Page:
I should have expected this. On the last Silent Eye weekend I’d attended there had been a place that had shaken me, unexpectedly, making my breath shorten, my heart pound. And so it is, I suppose. On these weekends we are challenged as well as inspired, and beauty can hold darkness as well as light. Still, when you reach such a place it is always a shock.
And so it was at Cullerlie. We parked by an old stone wall, and I picked a couple of blackberries to eat as we approached the gate leading to our next site. And then the guardian appeared. A bouncing ball of black and white fur, the collie seemed very pleased to see us all, bounding about on the grass, pausing at intervals on the approach to the circle. My companions (if you read their accounts), saw him as a friendly spirit, welcoming. And I felt the same way… for the most part. To me it felt a little bit as though he wasn’t sure whether or not we should be there, but he led us on nonetheless, pausing every so often to make sure we were following.
Cullerlie stone circle, also known as the Standing Stones of Echt, is described as a circle of red granite standing stones, surrounding eight small burial cairns. The cairns are also circular, and fill the interior of the circle. Hawthorn and willow ash have been found in the cairns, as well as cremated human bones placed there before smaller stones were placed over the top of them. When the circle was constructed in the Bronze Age, the landscape around it was boggy, the stones brought from higher ground to be placed there, in contrast to the other circles we had seen.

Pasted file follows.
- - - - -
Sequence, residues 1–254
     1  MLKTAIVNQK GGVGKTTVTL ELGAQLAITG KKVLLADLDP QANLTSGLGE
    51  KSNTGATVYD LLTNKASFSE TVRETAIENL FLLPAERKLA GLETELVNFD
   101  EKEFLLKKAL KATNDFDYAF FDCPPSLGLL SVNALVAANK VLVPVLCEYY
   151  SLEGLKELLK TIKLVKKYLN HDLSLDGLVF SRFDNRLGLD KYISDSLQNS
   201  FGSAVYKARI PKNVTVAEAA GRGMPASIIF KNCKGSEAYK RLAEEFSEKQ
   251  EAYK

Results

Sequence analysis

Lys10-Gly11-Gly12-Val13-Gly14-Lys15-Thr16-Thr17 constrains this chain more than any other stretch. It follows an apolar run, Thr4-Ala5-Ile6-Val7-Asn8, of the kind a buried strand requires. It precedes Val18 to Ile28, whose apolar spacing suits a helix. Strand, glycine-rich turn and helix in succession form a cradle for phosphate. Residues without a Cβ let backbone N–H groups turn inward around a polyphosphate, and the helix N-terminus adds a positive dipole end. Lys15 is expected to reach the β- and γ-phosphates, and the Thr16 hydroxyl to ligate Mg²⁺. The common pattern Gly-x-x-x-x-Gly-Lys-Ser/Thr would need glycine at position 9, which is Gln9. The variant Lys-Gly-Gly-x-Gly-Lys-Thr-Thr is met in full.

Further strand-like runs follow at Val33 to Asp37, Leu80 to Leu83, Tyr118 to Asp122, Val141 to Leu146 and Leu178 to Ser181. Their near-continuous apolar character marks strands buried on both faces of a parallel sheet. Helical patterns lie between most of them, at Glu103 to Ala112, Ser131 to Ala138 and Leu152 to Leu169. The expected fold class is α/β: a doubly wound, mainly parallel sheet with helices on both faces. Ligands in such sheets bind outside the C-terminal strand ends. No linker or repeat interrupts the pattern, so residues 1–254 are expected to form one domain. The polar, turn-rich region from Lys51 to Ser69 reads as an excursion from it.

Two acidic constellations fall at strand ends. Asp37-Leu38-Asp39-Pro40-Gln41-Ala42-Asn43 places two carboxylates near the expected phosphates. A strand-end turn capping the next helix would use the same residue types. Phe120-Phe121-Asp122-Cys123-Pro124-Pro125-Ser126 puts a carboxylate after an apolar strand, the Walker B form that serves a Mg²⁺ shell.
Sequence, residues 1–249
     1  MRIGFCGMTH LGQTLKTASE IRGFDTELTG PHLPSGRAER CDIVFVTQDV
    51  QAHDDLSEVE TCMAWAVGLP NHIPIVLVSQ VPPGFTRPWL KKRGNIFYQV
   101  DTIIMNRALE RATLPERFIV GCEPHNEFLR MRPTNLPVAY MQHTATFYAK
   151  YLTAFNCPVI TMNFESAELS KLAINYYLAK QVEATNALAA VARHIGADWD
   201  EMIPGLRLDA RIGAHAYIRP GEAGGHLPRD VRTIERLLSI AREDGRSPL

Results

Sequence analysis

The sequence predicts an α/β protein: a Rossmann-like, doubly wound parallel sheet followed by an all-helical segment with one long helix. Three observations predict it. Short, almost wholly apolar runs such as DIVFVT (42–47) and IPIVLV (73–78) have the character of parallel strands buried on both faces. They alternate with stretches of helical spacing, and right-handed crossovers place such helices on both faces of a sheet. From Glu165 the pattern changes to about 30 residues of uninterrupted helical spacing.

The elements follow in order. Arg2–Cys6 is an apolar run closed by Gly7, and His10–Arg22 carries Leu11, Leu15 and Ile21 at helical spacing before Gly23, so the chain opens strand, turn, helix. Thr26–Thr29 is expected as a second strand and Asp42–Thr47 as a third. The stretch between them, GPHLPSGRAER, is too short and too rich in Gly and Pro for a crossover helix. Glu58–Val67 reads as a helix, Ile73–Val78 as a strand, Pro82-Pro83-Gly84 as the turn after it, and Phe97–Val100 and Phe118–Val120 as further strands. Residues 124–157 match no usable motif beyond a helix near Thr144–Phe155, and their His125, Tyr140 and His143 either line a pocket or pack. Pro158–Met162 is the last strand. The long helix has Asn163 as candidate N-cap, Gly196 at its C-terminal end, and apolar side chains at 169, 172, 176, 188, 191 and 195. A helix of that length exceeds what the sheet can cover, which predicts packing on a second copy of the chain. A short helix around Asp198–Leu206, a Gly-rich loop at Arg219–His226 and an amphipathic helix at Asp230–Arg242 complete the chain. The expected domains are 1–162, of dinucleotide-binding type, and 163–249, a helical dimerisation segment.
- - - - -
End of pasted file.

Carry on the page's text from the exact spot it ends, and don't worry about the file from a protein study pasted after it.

The approach to the circle was pretty enough, an avenue of tall trees on soft grass, fairy red toadstools dotting the green. But such toadstools hold poison, despite their beauty – perhaps a metaphor of what was to come. As I approached the circle I’d intended to touch the stones, to travel counter-clockwise and see where felt right, as I had at the other sites. But as I approached the circle it was almost as though I bounced off it, feeling gut-punched, my breath shallow and a pain in my solar plexus. Something, I didn’t know what, was wrong with this place.